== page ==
There’s a natural expectation with any genre film—be it comedy, horror, noir, etc.—that in order to make it a successful endeavor, it must first and foremost accomplish the goals of its genre. A good comedy is funny. A good horror film is scary. It’s an understandable presumption; if a movie claims to be something in particular, it ought to be that something more than anything else.
But occasionally, there is a film that is an enjoyable piece of entertainment in its own right, totally separate from the prescribed requirements of its genre. It may not be the perfect model of that genre, but it’s fun and successful in other ways. I suppose one way to think about it, if perhaps somewhat oversimplified, would be to say, “It’s a good movie, even if it’s not necessarily a great [insert genre].” It seems common to call these movies inadequate or even bad, but I think a movie is a movie before it’s anything else. Any singular film exists with its own purpose—its own story to tell, and its own way to tell it—and its first responsibility is to fulfill that purpose. Any description or categorization, like a genre, comes after the fact—a way to qualify the film to other people and give them a sense of what it’s like. I think in today’s world of over-labelization, oversimplification, and over-marketization, it’s easy to think the category comes first, and the movie checks off those boxes. However, I’d recommend flipping that dynamic. It may make for a clearer perspective when watching a movie, and, more importantly, a greater sense of enjoyment.
Such is the case with Game Night, the latest project of Horrible Bosses writers John Francis Daley and Jonathan M. Goldstein. Despite a surprising lack of belly laughs or even particularly memorable jokes, the pair managed to craft a solid, engaging story around a goofy concept and even goofier characters. Perhaps that’s the best way to describe Game Night; “goofy” rather than especially “funny.” I chuckled aloud a fair number of times throughout the film, but was hardly overwhelmed with the comedy. In fact, I’d call a significant amount of the comedy lame. So why, when the credits rolled, did I feel satisfied enough to sit here and write a positive review?
Let me go back to my initial point about genre expectations. Anyone who knows me well knows that I’m a fan of comedy, but not a fan of most comedy movies. To be more specific, I find that I often dislike the majority of what I call “mainstream” comedies. Not that the popularity of a movie has anything to do with how much I like it (for that reason, “mainstream” is probably not the best term to use—I’m working on it), but rather that the kinds of movies that reach mainstream audiences and get marketed everywhere tend to fall flat for me. It’s that big movie you see ads for on every other YouTube video, starring Kevin Hart or Melissa McCarthy or some other big name actor who always plays the same character; the poster is white with big blocky text, and it’s just a picture of the actors standing there with smug looks on their faces. The movie has super glossy, fake cinematography and set design, and the trailer clips are cut together with excessively stylized 3D text. I hope I’m painting a picture by now. I’ll call these the “blockbusters” of comedy film. Anyway, my point is, I don’t typically enjoy those. There are exceptions, of course, but when I say, “I don’t like comedy movies,” that’s the kind of movie I’m talking about.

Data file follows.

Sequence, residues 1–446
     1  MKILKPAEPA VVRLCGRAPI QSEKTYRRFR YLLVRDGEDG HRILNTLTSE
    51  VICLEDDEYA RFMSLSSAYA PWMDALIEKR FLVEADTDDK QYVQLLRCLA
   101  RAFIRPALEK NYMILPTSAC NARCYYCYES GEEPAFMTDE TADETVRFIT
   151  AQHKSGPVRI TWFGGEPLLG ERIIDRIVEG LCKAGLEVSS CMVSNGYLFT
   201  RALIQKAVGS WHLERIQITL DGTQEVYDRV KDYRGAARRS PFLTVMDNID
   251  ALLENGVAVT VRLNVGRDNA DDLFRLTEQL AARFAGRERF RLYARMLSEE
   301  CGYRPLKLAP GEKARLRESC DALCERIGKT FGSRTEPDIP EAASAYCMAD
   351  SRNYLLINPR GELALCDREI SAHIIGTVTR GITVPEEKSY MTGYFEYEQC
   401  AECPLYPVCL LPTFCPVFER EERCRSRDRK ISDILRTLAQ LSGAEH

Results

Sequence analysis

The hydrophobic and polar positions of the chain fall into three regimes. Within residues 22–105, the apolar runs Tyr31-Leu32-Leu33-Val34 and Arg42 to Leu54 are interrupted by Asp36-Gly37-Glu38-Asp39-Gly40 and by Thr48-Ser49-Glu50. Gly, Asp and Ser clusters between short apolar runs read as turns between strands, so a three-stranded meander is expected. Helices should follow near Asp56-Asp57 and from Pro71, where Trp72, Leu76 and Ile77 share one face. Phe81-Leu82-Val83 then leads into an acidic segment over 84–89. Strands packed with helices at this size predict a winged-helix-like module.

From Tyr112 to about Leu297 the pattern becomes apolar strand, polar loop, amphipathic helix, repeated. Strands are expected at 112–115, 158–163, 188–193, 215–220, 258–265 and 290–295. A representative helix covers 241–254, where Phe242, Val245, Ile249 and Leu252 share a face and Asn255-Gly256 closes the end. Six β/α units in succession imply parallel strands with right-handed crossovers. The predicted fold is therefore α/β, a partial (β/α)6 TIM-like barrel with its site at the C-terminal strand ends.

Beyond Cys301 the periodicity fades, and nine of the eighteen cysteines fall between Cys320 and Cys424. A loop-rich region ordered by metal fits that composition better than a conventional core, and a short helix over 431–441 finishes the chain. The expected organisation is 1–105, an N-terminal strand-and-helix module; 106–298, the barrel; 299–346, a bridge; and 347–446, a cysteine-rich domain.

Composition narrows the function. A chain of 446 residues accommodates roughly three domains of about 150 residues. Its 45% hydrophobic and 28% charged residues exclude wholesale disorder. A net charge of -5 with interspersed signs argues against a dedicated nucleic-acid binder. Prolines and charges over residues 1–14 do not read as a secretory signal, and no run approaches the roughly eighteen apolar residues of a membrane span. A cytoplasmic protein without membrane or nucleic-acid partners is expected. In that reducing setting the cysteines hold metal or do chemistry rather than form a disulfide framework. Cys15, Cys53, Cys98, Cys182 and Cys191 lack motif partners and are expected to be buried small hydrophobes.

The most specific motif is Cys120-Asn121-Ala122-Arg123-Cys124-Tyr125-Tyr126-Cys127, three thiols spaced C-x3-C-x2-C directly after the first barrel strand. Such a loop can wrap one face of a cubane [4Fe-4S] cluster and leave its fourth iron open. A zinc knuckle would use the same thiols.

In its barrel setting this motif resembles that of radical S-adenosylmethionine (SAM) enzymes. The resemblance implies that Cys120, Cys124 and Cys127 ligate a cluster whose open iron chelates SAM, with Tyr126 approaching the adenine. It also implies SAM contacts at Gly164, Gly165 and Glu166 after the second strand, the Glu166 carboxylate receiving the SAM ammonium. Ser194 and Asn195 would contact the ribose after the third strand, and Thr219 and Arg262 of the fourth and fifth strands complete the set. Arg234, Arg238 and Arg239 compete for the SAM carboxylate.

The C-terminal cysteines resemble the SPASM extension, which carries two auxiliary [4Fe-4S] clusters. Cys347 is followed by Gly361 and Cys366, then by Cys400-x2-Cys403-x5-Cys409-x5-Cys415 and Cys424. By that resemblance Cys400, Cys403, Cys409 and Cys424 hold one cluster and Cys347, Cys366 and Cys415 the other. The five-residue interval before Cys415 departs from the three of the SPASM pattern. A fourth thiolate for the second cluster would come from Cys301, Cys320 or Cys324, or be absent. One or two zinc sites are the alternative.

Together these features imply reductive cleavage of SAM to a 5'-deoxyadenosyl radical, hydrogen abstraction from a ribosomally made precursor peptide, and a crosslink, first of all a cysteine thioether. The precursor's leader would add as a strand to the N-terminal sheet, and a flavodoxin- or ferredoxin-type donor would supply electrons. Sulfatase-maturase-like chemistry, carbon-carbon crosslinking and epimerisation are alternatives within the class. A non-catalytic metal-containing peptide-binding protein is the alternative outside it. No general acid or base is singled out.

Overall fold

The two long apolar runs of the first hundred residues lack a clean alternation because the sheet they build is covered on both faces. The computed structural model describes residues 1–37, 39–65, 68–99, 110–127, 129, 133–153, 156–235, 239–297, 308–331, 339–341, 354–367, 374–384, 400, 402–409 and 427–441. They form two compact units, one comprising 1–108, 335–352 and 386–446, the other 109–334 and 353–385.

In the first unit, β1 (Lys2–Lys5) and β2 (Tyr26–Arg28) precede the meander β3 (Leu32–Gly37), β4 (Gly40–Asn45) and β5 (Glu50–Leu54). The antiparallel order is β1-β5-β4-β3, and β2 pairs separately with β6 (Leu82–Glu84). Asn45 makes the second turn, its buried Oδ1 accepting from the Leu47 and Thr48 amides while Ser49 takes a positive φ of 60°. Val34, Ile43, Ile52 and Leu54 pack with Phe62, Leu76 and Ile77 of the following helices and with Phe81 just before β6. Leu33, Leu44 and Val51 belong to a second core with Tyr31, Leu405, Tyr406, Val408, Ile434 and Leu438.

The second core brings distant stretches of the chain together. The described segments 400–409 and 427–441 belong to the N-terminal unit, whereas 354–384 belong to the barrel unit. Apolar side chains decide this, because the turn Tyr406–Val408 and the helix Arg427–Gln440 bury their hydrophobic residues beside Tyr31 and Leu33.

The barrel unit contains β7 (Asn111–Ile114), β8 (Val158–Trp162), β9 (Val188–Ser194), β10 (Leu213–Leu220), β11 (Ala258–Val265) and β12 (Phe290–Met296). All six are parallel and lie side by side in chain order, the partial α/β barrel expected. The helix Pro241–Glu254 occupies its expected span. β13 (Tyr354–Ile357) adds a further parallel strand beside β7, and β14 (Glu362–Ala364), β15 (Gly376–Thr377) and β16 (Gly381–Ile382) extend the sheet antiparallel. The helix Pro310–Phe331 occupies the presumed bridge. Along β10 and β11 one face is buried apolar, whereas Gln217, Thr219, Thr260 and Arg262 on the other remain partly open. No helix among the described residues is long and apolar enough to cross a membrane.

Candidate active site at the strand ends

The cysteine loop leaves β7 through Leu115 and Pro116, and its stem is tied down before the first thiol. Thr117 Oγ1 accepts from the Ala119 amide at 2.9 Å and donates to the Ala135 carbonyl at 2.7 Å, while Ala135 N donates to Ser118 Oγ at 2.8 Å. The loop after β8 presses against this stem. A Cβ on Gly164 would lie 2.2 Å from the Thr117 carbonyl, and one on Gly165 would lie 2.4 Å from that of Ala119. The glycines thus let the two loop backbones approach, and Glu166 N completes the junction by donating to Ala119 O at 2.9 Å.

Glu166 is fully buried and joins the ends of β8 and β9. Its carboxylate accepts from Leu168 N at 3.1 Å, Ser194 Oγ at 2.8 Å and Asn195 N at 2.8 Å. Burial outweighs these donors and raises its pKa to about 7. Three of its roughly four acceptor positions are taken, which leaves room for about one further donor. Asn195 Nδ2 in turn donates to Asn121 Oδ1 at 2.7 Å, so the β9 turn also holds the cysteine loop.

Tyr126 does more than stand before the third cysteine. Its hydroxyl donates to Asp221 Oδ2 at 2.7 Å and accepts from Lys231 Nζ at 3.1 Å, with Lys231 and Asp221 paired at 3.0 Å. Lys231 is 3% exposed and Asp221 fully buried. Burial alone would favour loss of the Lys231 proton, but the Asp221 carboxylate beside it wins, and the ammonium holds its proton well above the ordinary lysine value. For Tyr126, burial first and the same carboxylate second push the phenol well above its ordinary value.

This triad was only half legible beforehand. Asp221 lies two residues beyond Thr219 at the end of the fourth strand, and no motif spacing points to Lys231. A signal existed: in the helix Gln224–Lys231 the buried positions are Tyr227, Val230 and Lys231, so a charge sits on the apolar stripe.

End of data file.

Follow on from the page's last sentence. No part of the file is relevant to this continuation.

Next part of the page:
Soooo… back to my point about genre expectations, I’m not a big fan of “blockbuster” comedies. So when I decided I was going to review Game Night, it wasn’t because it was “right up my alley.” Mostly, it was because I like watching and talking about movies in general, and because I like Jason Bateman (primarily because of Arrested Development and The Gift). So when I watched the trailer, I saw the glitzy 3D trailer text and the slick, smooth set design and cinematography, and thought, “Well, it’ll be another ‘blockbuster’ comedy. Maybe Jason will save it for me.”
And to be fair, Game Night is still another blockbuster comedy. The dialogue is not particularly well-written, the acting is a little cheesy, and the attempts at emotional drama come across mostly as ham-fisted. But the ways in which Game Night succeeds are outside the expected parameters of its genre. Unlike most comedies, the beats of its plot are fairly unpredictable and fresh. I mean, it’s still predictable where you expect it to be (if that makes any sense). But its story about a murder-mystery game gone real keeps you on your toes and wondering how each development might be resolved (a few glaring plot holes make this possible). Along the way, we’re presented with charming, distinctive (if token) characters who each bring their own flavor of fun to the mix. Some characters work better than others—Kyle Chandler’s cool-guy and Jesse Plemons’ eccentric outcast bring the smarm and awkwardness, respectively, while Billy Magnussen gets the short end of the stick with a poorly written dummy role (like Patrick Star, but not funny). Regardless, the different flavors of personality keep the story engaging and diverse as the group of board game buddies go their separate ways to solve the mystery. I was repeatedly surprised with how Game Night surprised me. Not with its comedy—hell no. But with its fun twists and turns and the seemingly wholehearted enthusiasm of its cast.
Other aspects of the film—score, cinematography, editing, emotional themes—don’t do anything special, and aren’t really worth writing about. They’re neither impressive nor particularly detrimental to the enjoyment of a movie like this, and thus I won’t write any more about them. The lesson I took away from Game Night—and maybe you will too—is that a movie can find its own ways to be fun; it’s not beholden to the “tenets” of its genre. This is a comedy that’s not overwhelmingly funny, but it’s fun just to watch the characters sort through the chaos.